UTAH LEGISLATIVE SESSION STARTS THIS MONTH: The annual regular 45-day session of the Utah Legislature starts on January 18, 2022, and ends on March 4, 2022. Many employment-related bills are on file already. For example, designed to protect beleaguered health care workers, HB 32 would enact enhanced criminal penalties for assault or threat of violence against an owner, employee, or contractor of a health facility. SB 63 would require state and local governments to provide bereavement leave for employees who experience a miscarriage or stillbirth. On the COVID-19 front, HB 60 does the following; (1) makes it unlawful for a public accommodation (e.g. hotel or restaurant) to discriminate against an individual based on vaccination/immunity status, (2) with certain exceptions, prohibits a governmental entity from requiring proof of vaccination/immunity status, and (3) with certain exceptions, makes it unlawful discrimination for an employer to require proof of vaccination/immunity status. Finally, HB 63 requires an employer to relieve an employee or a prospective employee of a COVID-19 vaccination mandate if the employee or prospective employee submits a physician’s note stating that the employee or prospective employee was previously infected by COVID-19. No doubt other HR law bills will surface too. Jones Waldo employment lawyers will track the progress of all these bills and let you know if/how the law changes.
EMPLOYERS BEHAVING BADLY: Maybe it’s the pandemic, or the labor shortage, or the great resignation, or just the crazy times in which we live, but recent news accounts have reported stories of employers acting quite badly in termination situations. For example, in Georgia, a man quit his job and complained to the government that he did not get his final pay. Instead of immediately mailing the final paycheck, however, the involved employer bad-mouthed the employee on social media and then dumped over 90,000 pennies onto the employee’s home driveway. The pennies, which added up to the amount of the final check, also were covered with some kind of an oily gooey substance. Now the government is suing the employer, arguing that the penny-dumping and related misconduct were acts of illegal retaliation.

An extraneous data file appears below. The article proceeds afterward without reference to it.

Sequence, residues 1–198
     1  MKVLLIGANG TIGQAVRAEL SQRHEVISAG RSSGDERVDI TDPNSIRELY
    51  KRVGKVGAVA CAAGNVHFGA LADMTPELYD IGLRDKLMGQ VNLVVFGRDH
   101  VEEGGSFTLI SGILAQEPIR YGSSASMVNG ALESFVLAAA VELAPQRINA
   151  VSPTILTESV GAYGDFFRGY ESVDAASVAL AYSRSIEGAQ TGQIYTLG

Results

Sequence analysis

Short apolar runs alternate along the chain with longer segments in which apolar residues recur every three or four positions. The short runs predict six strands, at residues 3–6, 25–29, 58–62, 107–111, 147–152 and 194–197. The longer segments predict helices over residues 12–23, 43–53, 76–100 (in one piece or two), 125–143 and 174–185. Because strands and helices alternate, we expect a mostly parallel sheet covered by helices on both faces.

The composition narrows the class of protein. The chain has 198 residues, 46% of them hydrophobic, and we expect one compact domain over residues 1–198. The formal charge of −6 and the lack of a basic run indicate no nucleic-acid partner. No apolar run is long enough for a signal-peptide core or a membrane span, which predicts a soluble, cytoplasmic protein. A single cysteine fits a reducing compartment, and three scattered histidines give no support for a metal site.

Closer to home, here in Utah, we have the unhappy story of the boss who allegedly tried to punch a worker while firing him. A newspaper reported the employee claimed the boss had “done this several times over the years” so the worker decided to leave to let the boss “cool off” and return later to talk to him. The employee drove around for a few minutes when the boss allegedly rammed his vehicle into the back of the fired worker’s truck, tried to ram the truck twice more, and then sped away as police arrived. Criminal charges are pending. In response to the story, the employer’s attorney offered a solid, “No comment,” but added that the parties are “working toward a positive outcome.”
JONES WALDO TO PROVIDE ANNUAL EMPLOYMENT LAW UPDATE FOR SALT LAKE SHRM ON FEBRUARY 8: On February 8, 2022, the Employment Law Team from Jones Waldo—i.e., the authors of these updates—will present a 2022 employment law update at Salt Lake SHRM’s Professional Development Meeting. Salt Lake SHRM’s tentative plan is to hold the presentation live at Gardner Village on February 8, from 10:00 am to 1:00 pm, with an option to participate remotely via live stream. We will cover all the latest COVID-19 developments, including a roundup of the Biden Administration’s various vaccination mandates, who pays for COVID testing (including the time spent waiting to be tested), the CDC’s latest isolation and quarantine guidelines, whether a COVID-19 infection may be considered an ADA-covered disability, and current OSHA safety recommendations. But rest assured, the law has changed in other ways that have nothing at all to do with COVID-19. The Jones Waldo team will cover these topics too, including a Utah legislative update, the latest EEOC and UALD enforcement data, key new federal court decisions, the Biden Administration’s wage hike for employees of federal contractors, and its apparent plans to limit non-compete agreements. For additional information, or to register, please visit Salt Lake SHRM’s website at Annual Legal Update (slshrm.org).